Doctor’s Tip column: Diet and blood pressure
When scientists study large populations of people and look at what diseases they get and what they die from, it becomes apparent that ideal blood pressure is 110/70 or below. As blood pressure rises above that level — especially 140/90 or above — the incidence rises for heart attacks; strokes; damage to blood vessels in the eyes, kidneys, and brain; aortic and brain aneurysms; dementia; and heart failure.
In countries on a Western diet — high in animal products, refined food, salt, sugar and fat/oil — blood pressure tends to rise as people age, and the majority of people eventually develop hypertension (high blood pressure).
Although this scenario is common, it is not normal. In populations such as rural Africa and rural China, where people eat unprocessed, plant-based food low in salt (sodium), blood pressures remain in the 110/70 range, even in people in their 90s.
In the 1940s, before effective blood pressure medications had been developed, people with severe hypertension — such as FDR — usually died. Walter Kempner, M.D., at Duke University, put these severe hypertensives on a strict fruit and white rice diet with no added salt. Blood pressures in the 240/150 range came down to the 105/80 range.
Obviously, this diet was monotonous and lacked many important nutrients, but Dr. Kempner proved that hypertension is caused by what people eat, and can be treated with dietary changes.
In spite of what the Salt Institute would like us to believe, salt clearly causes hypertension, although some people respond to salt more than others. Salt causes water retention, and your body responds to this by increasing your blood pressure, in order to eliminate the excess water and salt. Your blood pressure rises soon after eating a salty meal, and if you eat too much salt on a regular basis you will likely end up with sustained hypertension.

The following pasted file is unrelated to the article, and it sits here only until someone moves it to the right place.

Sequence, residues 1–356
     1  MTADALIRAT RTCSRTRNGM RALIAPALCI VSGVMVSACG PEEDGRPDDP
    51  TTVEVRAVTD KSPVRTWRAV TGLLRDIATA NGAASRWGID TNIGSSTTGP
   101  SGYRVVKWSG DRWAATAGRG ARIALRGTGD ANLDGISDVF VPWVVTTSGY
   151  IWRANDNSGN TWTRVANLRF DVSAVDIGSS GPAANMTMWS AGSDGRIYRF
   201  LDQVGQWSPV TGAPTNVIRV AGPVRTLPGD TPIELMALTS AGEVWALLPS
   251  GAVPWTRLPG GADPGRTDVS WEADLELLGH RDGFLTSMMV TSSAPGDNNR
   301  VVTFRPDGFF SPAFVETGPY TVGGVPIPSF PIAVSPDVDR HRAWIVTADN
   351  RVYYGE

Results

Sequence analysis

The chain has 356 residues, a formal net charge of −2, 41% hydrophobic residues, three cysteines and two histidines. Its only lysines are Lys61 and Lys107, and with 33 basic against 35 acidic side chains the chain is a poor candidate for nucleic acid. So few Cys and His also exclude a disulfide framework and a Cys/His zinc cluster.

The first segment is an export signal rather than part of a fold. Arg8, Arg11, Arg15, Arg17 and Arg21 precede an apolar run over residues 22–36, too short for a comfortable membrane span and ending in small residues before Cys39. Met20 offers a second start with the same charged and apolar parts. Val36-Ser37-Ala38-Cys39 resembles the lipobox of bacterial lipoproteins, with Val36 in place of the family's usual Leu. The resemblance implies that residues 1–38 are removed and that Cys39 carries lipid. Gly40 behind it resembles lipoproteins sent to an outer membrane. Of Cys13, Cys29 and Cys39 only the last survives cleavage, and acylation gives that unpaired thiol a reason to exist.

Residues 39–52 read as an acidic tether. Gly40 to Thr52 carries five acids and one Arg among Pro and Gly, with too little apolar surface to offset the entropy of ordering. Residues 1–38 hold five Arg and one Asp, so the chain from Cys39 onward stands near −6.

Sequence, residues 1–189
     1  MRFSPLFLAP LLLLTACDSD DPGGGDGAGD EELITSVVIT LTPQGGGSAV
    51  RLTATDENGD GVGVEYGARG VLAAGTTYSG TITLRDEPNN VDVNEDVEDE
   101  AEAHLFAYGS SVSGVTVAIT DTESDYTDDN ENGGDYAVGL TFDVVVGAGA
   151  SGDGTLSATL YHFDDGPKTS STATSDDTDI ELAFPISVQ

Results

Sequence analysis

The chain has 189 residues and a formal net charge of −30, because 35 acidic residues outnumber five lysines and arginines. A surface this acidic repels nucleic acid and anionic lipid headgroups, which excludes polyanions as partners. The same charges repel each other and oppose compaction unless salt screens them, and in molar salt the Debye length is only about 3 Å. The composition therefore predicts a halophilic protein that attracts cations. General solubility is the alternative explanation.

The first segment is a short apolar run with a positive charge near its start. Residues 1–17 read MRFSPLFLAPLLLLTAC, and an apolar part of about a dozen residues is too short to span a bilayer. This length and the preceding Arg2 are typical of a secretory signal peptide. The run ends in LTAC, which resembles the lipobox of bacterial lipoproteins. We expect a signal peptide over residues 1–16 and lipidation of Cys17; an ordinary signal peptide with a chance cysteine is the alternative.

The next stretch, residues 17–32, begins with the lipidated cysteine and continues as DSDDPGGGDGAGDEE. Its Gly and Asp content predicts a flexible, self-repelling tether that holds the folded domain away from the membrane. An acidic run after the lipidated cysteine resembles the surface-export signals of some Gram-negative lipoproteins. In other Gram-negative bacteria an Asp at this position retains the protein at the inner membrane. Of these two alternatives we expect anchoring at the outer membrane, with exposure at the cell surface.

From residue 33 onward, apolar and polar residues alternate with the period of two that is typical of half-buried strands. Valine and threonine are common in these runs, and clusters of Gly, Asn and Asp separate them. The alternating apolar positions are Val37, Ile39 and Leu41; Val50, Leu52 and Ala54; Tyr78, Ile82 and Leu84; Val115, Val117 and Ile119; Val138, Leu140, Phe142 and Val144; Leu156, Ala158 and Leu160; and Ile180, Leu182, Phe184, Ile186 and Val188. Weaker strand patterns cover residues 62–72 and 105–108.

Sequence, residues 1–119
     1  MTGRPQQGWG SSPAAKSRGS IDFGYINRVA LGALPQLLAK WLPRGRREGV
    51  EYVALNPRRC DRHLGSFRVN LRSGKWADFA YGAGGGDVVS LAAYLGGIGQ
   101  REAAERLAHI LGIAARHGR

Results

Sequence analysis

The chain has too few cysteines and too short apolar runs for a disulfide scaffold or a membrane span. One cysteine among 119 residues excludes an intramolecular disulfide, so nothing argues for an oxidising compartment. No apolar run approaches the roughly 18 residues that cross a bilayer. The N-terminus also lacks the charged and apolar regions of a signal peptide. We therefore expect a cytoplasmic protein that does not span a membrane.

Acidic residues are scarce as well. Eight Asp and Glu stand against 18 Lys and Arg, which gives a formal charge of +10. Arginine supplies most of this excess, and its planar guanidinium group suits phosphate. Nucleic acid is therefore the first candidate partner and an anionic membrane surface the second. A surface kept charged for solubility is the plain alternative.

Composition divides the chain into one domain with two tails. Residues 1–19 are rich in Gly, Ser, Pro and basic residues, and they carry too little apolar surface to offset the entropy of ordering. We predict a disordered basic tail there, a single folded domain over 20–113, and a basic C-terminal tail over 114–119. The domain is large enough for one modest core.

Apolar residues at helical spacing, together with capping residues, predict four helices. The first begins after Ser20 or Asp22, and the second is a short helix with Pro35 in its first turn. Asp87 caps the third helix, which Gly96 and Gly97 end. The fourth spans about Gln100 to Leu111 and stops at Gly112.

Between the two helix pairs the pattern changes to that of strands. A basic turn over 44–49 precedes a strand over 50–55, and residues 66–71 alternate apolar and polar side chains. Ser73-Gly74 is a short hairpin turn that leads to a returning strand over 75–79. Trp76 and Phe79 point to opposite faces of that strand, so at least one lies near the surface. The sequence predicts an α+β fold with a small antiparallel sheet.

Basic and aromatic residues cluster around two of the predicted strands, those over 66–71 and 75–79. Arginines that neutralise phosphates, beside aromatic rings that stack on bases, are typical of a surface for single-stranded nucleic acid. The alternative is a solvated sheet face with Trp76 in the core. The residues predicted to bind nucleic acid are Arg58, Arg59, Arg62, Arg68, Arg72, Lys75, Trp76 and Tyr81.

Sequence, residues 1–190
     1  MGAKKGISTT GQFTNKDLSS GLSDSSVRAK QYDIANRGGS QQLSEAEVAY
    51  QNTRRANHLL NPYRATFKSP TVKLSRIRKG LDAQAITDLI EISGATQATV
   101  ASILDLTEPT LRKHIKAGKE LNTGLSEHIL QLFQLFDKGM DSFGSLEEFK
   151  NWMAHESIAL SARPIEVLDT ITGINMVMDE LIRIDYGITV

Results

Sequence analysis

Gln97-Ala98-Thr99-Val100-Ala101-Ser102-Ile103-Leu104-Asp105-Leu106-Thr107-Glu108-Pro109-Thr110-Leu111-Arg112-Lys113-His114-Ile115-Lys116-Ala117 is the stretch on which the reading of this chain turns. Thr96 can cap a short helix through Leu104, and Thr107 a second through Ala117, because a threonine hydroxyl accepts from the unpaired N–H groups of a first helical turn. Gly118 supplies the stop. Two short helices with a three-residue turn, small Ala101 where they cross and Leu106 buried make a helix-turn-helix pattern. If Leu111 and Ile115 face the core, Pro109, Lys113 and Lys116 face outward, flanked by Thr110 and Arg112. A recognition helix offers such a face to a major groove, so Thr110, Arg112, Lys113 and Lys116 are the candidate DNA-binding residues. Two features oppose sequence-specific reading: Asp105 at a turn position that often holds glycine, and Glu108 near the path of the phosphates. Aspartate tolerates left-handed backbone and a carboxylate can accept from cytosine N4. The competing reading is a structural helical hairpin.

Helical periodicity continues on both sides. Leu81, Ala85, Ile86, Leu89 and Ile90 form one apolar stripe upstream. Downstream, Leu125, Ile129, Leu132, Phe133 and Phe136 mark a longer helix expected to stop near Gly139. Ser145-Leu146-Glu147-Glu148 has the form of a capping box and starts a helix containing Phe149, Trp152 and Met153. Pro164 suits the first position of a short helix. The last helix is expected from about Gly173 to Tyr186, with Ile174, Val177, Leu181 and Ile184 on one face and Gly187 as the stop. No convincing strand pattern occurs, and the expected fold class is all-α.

During most of the millions of years of human evolution, humans were eating just a few hundred milligrams of salt, through their plant-based diet. We now eat about 10 times that amount. The maximum safe amount of salt for adults is 1,500 mg.
Cheese and processed foods have particularly high salt content. The primary source of salt in kids and teenagers is pizza. In young adults the main source is chicken — the poultry industry commonly injects chicken carcasses with salt water to artificially inflate their weight. In older adults, the main source of salt is bread.
People who eat animal products are more apt to be overweight, which is a major cause of hypertension. Furthermore, they are more apt to develop stiffening and hardening of the arteries (atherosclerosis), which cause their blood pressure to rise as they age.
Vegetables, fruit and whole grains on the other hand, cause the endothelium to produce nitric oxide, which makes arteries dilate. Nitric oxide also makes arteries healthier, and more resistant to atherosclerosis. Organizations such as the American Heart Association, the American College of Cardiology and the Center of Disease Control recommend that patients with hypertension first try weight reduction, limiting sodium and alcohol, exercising and eating a healthier diet.
However, what they recommend as a healthy diet is the DASH (Dietary Approaches to Stop Hypertension) diet. This diet emphasizes fruits, vegetables, and low-fat diet — some meat is also allowed, and it does lower blood pressure somewhat.
Dr. Sachs, of Harvard, was chairman of the committee that developed the DASH diet. His investigation found that the people in industrialized countries with the lowest blood pressures were vegetarians — and vegans even more so. His committee recommended the DASH diet because their goal was to create eating patterns “that would have the blood pressure lowering benefits of a vegetarian diet yet contain enough animal products to make them palatable to nonvegetarians.”
In his book “How Not to Die,” Dr. Michael Greger notes that “instead of simply telling you what the science shows and then letting you make up your own mind, experts patronize the population by advocating what they think is practical rather than ideal.”
Unfortunately, not everyone with high blood pressure is willing to change their lifestyle enough to impact it significantly. Next week’s column will discuss common blood pressure medications.
Retired physician Greg Feinsinger, MD, is author of the new book “Enjoy Optimal Health, 98 Health Tips From a Family Doctor,” available on Amazon and in local bookstores. Profits go towards an endowment to the University of Colorado School of Medicine to add prevention and nutrition to the curriculum. For questions about his column, email email@example.com.
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